Geely Still Reportedly Bent on World Domination

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China’s Zhejiang Geely Holding Group has its fingers in a lot of pies. Having purchased Volvo Cars from Ford a decade ago for $1.8 billion (a fraction of the price the Blue Oval paid), the brand has focused on scooping up troubled brands with global appeal or creating its own. In 2017, Geely purchased majority stakes in Malaysia-based Proton and UK-based Lotus Cars while attempting to turn its own Lynk & Co into a global brand.

Those are supplemental to its cadre of Asia-focused subsidiaries but no less important to its broader aspirations.

Geely has been exceptionally clear that its ultimate goal is to increase its presence around the world while improving its production capabilities. Its latest strategy involves utilizing new platforms developed for Volvo (which was already sharing architecture with Lynk) for vehicles manufactured in Asia under the Proton banner.

Reporting from Reuters suggests the company intends to retool factories across Asia in order to take advantage of the platforms that garnered Volvo so much favorable attention these last few years.

Senior officials and engineers working for the company told the outlet a group “Compact Modular Architecture” (CMA) opened up the door to for the quick development and manufacture of various compact designs with a familiar layout — and for much less money than was being spent before.

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From Reuters:

They said CMA, along with a platform for smaller cars known as B-segment Modular Architecture (BMA) that Geely plans to roll out for Proton, allow them to harness the Swedish automaker’s technologies and Geely’s capabilities in cost control, supply chain management and local production.

“CMA will be the core of Geely’s future architecture design … We learn technologies and build up talents through developing it,” said Li Li, vice president at Geely Automobile Research Institute, confirming the Proton plan during an interview in Ningbo, south of Shanghai. Li declined to disclose details of general investment, financial targets or a timetable for expansion plans.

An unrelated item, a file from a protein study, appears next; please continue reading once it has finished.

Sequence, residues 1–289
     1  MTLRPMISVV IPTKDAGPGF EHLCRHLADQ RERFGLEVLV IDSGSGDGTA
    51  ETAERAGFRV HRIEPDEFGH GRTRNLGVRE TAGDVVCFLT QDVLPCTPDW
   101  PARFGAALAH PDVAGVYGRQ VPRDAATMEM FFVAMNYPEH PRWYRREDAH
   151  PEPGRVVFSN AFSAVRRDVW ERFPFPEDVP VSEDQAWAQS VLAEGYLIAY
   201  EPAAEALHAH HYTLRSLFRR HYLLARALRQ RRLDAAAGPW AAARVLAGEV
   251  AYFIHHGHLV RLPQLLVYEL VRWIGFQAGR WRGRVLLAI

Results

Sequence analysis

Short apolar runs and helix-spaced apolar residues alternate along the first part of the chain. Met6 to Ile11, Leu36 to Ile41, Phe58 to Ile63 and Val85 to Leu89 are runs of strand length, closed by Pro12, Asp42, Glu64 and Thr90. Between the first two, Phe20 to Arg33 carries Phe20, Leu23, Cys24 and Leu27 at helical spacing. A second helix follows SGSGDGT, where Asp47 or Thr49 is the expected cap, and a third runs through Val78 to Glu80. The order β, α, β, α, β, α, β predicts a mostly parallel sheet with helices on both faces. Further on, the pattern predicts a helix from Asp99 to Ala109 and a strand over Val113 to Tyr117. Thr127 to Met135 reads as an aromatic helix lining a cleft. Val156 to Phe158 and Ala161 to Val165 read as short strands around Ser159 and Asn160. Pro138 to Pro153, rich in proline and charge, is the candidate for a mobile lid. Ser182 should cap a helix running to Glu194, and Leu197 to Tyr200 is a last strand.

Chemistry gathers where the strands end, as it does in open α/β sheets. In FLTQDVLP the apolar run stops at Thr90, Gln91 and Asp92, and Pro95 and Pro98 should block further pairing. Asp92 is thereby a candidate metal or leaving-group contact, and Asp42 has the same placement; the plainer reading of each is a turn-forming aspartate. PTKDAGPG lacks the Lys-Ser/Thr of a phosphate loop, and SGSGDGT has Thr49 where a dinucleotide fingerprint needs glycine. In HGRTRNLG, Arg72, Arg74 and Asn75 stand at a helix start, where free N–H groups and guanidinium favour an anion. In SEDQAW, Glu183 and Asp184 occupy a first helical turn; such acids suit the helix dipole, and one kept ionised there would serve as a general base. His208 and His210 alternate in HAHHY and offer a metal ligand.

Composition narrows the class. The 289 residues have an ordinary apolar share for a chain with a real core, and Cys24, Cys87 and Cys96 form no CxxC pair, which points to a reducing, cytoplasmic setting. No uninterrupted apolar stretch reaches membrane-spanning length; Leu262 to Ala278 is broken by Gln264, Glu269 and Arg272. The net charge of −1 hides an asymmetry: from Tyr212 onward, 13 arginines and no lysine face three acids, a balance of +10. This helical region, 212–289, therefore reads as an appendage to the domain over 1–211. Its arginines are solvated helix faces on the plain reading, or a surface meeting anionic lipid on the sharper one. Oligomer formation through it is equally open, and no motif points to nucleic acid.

From its lowly foundation in 1986 in Taizhou on the east coast as a maker of refrigerator parts, Geely has grown into one of the biggest players in China, the world’s largest auto market accounting for nearly one in every three passenger cars sold around the planet. Geely now sells more than 2 million cars a year across all brands, ranking it not far from the world’s top 10 automakers by unit sales.

Geely also wants to break into Western markets, specifically the United States. However, political tensions between Washington and the Chinese Communist Party, sparked by that entity’s routine involvement in all aspects of business, has made that task exceedingly difficult for all Chinese-based companies. China has also struggled economically for the last couple years, forcing Geely to focus more on home-grown problems. This resulted in numerous setbacks for the company, with one of the biggest being Lynk & Co’s failure to move into Western markets as planned (though Asian exports will come to Europe soon).

Despite increasing its market share dramatically over the past decade, the Chinese automotive conglomerate has now refocused on the fundamentals as demand recedes, if only to ensure it can maintain its strength during hard times and export models out of China for as little money as possible. In addition to platform sharing between its more international brands, Geely eventually wants to slot CMA-based products into every car brands it owns  basically becoming China’s answer to Volkswagen Group.

[Images: Jenson/Shutterstock]

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